The evening was cold and the pleasant heat of the campfire, the lemon ginger tea and the noodle soup sent us to bed early - drowsy and content. When I crawled out of the tent to pee in the middle of the night, I was surprised to still be able to see the mountains. I double checked for the moon, though I knew it to be a dark moon that night, and wondered if it was possible that the mountains were awash in starlight. The idea that stars (which may not even exist anymore) could be illuminating this mountain range overwhelmed me enough to shake my sleepy head and crawl back into the tent, bewildered but happy.
The next day found us hiking/scrambling/sloshing our way up a snowy trail to the Laka Got glacier. Less and less oxygen and 1500 vertical feet later, we came upon a shelter dug into the snow with a blue tarped roof. Inside was the man/mountain goat who had spryly passed us on the way up saying something about opening his cafe that very day for the first time this season. We had exchanged confused glances. Surely he does not mean that he has a cafe on top of a glacier? Well surely he had and again we drank a steaming cup of chai while gaping at the view around us with a group of young Indian professionals about our age that we had met at Triund. The view was even better when shared with new friends. It is amazing how quickly people can strike up an easy friendship in the mountains. I think it has something to do with your senses being joyfully overwhelmed and needing to communicate with other humans to avoid your soul brimming over too fast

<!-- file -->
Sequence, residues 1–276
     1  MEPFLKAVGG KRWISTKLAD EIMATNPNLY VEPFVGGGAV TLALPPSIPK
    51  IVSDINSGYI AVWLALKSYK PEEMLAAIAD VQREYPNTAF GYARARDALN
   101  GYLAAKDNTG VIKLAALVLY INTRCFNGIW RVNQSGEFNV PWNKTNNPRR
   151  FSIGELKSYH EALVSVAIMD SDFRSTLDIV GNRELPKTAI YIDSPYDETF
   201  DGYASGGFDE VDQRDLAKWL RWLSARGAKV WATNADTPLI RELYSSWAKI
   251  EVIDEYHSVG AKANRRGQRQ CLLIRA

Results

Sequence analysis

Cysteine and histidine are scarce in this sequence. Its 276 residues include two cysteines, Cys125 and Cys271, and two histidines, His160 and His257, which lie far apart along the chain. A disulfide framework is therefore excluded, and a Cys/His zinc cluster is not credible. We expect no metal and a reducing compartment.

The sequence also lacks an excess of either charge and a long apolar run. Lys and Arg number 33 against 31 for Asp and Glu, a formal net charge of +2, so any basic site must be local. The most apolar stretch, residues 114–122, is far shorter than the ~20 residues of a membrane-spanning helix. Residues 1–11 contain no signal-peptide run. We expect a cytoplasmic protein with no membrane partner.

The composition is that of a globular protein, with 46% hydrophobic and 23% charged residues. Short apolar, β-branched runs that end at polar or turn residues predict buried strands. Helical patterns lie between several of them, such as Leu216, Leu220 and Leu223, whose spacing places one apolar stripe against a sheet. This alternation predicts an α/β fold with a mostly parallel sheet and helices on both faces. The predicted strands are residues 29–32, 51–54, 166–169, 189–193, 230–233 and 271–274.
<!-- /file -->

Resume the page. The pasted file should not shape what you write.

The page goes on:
What is it about snowy mountains that is so stunning? Is it the rarity of those three stark colors without gradient - the deep blue, the pure white and the dark gray edged against each other so severely? Is it that you know you can't survive there or maybe even get there at all and so have the insatiable attraction of a forbidden place? Or maybe it is the relief that you are so small that if all you ever do is witness the breathtaking beauty of this world, that it will be enough?